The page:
One of the best things about retiring from my old job is that it has opened up a wealth of time and freedom to go skiing — a lot. In the first sixteen years that I lived in Calgary, I went skiing about once or twice a year. In the two winters since I quit speed skating, I’ve been close to sixty times. It’s so nice to finally be able to enjoy my backyard – the spectacular Rocky Mountains.
Of course I don’t lament all those years I spent not skiing, as I was happily engaged in my occupation at the time, but now that I can get out there regularly, I appreciate it so much.
I was on cross-country skis by the age of two and spent much of my childhood exploring the endless trails in Gatineau Park.
I raced a little, until skating took over at least. And even though I spent twenty-three years speed skating, in many ways I feel more natural on my skis than I ever did on my skates. My Norwegian blood may have something to do with that.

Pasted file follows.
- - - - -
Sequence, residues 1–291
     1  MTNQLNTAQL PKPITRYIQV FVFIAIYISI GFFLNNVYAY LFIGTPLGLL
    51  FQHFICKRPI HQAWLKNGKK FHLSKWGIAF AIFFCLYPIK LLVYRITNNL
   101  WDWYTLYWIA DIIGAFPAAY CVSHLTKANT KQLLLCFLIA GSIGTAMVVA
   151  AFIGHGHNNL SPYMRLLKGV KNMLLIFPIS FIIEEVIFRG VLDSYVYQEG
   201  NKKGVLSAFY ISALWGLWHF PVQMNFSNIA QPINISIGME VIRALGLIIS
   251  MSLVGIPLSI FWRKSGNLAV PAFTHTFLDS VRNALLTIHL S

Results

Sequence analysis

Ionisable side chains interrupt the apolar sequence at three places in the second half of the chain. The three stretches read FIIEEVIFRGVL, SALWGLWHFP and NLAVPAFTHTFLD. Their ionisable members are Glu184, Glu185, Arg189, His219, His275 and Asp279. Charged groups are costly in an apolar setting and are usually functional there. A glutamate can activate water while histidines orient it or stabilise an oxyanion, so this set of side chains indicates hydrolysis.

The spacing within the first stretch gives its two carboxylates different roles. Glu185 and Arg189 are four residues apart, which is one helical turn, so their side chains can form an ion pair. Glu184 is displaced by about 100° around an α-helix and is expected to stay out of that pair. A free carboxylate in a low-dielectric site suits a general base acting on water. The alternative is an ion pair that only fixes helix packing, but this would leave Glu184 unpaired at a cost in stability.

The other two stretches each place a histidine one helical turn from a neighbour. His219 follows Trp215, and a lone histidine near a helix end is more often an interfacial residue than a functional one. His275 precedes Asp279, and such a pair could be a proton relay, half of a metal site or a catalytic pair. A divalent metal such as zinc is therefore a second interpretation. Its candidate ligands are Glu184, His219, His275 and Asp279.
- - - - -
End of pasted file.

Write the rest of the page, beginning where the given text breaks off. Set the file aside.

When it comes to gravity-assisted skiing, i.e. down the mountain only, telemark is my M.O. I did very little alpine skiing when I was young and fixed-heel skiing just doesn’t feel right! Probably another Norsk influence… Tele is certainly tough on the legs, but it feels amazing when you do it right (which for me is mostly only on blue groomers — I’m working on it!) But while there are a lot of things to like about the resorts, like poutine for example, we’ve been hankering to get away from the crowds, lines and high cost of lift tickets.
On Easter Sunday, armed with avalanche safety gear and some new skins for my skis, we made our first foray into the backcountry — a very tame climb up to Healy Pass. A three-hour climb for a six-turn run at the top. I earned two turns per hour of climbing! It was a blissfully calm day, warm and sunny with bluebird skies and best of all, silence. Just us, our skis and a little adventure.
People often ask me if I miss skating. They are generally surprised when I say no. I don’t miss anything about it at all, it was simply the right time. These thoughts never seem to cross my mind anymore, especially not when I strap on my skis and take to the endless white bounty offered by the beautiful Rocky Mountains.